ACR Bulletin

Covering topics relevant to the practice of radiology

Tracking Member Trends

The College is providing members an ongoing mechanism to respond to matters of interest and concern — ultimately helping the ACR to become a more diverse, inclusive, and resilient organization.
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Two-thirds of members say the ACR provides excellent or very good value for the dues paid.

June 29, 2021

In October of 2020, ACR BOC Chair Howard B. Fleishon, MD, MMM, FACR, asked the Board and staff to “reimagine” the ACR. As noted in the May 2021 Bulletin, “The pandemic has changed many things,” wrote Fleishon. “The College now has the opportunity to reimagine how we deliver services and value to our members and our patients.”

Reimagining an organization is never easy, but it does represent an opportunity to be introspective about the ACR’s role, to better focus on its mission, and to reinvent ways to serve members and patients. Understanding how members and non-members view the ACR and the benefits they obtain from membership is critical in guiding the organization’s mission and its commitments to stakeholders.

In 2018, the College embarked on a tracking study to identify and monitor trends in membership over time to more effectively and proactively manage the relationship between the ACR and its stakeholders. The 2018 survey served as the baseline for future check-ins with members.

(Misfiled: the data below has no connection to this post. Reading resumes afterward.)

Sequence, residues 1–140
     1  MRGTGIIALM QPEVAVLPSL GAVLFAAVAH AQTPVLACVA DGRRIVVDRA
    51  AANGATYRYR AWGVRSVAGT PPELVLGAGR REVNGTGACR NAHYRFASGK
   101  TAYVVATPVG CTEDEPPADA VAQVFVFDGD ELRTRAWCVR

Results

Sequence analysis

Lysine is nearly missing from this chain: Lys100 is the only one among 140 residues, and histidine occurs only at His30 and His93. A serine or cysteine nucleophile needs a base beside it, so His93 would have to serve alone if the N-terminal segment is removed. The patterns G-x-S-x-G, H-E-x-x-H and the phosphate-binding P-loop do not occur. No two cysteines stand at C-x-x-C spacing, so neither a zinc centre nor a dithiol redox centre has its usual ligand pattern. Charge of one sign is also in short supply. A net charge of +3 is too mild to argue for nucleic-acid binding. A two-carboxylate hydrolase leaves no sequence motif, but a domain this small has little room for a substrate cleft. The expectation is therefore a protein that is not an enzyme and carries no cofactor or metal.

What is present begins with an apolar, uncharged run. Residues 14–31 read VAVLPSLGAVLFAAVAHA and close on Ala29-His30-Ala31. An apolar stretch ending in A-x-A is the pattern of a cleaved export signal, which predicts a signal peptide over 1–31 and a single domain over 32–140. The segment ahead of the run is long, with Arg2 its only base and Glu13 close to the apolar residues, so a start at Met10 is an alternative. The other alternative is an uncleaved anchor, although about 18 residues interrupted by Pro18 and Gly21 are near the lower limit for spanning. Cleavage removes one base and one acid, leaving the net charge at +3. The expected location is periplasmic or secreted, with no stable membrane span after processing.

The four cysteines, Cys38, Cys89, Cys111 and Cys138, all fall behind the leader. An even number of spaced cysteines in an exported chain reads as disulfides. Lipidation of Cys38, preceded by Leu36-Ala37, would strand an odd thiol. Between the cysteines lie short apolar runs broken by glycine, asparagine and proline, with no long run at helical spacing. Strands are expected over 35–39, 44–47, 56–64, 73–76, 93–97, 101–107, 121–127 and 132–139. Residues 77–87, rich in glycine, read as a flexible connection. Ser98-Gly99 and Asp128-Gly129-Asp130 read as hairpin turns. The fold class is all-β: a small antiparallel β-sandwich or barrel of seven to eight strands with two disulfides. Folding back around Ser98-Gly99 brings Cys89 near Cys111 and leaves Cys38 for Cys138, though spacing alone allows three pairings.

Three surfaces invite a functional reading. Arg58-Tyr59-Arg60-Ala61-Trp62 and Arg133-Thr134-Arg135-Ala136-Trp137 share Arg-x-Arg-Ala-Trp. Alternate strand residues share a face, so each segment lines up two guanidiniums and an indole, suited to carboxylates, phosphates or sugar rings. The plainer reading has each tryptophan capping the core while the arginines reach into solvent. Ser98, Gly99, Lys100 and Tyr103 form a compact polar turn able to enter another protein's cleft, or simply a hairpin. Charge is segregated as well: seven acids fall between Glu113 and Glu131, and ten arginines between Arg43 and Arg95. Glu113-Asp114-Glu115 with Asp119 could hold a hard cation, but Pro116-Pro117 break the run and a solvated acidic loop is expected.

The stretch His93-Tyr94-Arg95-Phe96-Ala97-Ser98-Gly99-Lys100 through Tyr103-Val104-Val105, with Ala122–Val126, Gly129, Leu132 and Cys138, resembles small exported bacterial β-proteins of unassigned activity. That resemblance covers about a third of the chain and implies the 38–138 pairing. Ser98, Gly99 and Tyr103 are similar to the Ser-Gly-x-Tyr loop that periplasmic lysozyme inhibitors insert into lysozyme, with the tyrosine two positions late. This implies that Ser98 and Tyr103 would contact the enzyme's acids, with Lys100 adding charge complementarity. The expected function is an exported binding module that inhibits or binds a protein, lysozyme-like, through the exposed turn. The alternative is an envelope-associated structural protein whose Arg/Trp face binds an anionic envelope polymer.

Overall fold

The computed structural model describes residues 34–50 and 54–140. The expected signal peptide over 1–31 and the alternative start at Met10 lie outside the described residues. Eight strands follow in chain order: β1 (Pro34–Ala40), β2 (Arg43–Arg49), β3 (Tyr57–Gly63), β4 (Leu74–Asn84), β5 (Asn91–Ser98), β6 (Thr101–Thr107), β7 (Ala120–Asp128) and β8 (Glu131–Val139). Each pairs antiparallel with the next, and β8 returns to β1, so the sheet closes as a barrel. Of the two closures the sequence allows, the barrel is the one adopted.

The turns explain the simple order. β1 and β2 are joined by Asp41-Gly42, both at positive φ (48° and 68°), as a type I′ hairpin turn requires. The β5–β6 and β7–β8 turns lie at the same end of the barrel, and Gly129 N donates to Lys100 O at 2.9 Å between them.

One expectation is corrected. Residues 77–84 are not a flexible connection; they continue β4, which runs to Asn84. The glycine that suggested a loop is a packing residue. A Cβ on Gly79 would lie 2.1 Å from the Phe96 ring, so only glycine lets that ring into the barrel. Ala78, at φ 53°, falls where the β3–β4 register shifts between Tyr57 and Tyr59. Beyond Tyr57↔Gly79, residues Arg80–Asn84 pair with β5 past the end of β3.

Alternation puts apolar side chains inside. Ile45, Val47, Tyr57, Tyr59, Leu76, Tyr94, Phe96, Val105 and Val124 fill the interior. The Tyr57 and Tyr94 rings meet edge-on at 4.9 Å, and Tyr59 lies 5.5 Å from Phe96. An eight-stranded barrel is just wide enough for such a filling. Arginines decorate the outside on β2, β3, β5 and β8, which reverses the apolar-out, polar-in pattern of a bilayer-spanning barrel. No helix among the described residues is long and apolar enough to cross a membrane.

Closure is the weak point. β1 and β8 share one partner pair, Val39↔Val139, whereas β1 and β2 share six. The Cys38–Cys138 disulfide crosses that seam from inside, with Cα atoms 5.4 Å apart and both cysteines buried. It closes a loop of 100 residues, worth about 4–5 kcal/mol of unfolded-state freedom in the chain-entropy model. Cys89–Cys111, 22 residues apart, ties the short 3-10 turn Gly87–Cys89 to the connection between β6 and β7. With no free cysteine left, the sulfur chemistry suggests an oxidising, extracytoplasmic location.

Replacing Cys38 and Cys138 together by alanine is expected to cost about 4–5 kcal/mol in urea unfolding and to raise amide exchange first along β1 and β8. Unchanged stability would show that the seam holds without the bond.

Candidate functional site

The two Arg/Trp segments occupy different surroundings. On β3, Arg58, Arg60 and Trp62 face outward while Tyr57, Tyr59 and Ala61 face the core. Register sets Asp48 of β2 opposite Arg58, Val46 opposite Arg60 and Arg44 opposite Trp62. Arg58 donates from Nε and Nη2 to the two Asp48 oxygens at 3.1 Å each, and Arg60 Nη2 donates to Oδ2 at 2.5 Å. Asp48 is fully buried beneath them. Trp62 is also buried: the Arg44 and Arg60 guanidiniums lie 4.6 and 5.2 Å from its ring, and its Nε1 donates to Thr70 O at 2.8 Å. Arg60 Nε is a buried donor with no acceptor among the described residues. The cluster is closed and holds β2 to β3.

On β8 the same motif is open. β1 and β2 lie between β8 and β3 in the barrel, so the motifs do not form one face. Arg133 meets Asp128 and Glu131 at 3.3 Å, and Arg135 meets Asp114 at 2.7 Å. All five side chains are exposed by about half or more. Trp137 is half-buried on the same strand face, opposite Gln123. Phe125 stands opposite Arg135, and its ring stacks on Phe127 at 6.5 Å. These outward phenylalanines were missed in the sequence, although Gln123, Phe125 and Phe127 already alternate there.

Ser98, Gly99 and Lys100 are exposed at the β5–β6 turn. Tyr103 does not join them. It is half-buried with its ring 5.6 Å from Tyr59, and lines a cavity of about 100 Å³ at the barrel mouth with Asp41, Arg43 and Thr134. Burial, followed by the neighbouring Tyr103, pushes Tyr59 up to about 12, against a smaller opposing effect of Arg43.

In late 2020, the College reached out again to more than 1,600 members and non-members to ask about areas such as COVID-19, consolidation, resident trends, health policy, and radiology fellowships.

Questions asked regarding member participation and satisfaction with the ACR revealed that:

  • The ACR is valued by its members. Members are satisfied with the ACR, with over eight in 10 saying that they plan to continue to renew their membership and that belonging to the ACR is something they are proud to do or must do to support the profession.
  • Two-thirds of members say the ACR provides excellent or very good value for the dues paid. Members are also likely to recommend the ACR to their colleagues.
  • Members actively look for ways to participate with the ACR: the vast majority have participated in an ACR activity, and notably, the portion who are not currently actively participating with the College has dropped significantly, from 33% in 2018 to 25% in 2020. Many members make donations to RADPAC® and significantly more in 2020 than in 2018 have participated in an ACR legislative or regulatory calls to action. The survey also found that higher participation and higher satisfaction paralleled each other.

The survey also asked about residency and fellowship. Two-thirds of radiology residents stated that they planned to do a one-year fellowship, the next most common going directly in to practice with few opting for a two-year extra time commitment. In addition, members indicated a preference for the term “fellowship-trained diagnostic radiologist,” as opposed to “diagnostic radiologist.” Given the ACR’s heightened interest in supporting rural clinicians, the survey asked radiology residents if they were interested in pursuing a rural community practice following their residency/fellowship — and 30% of residents who responded said they were.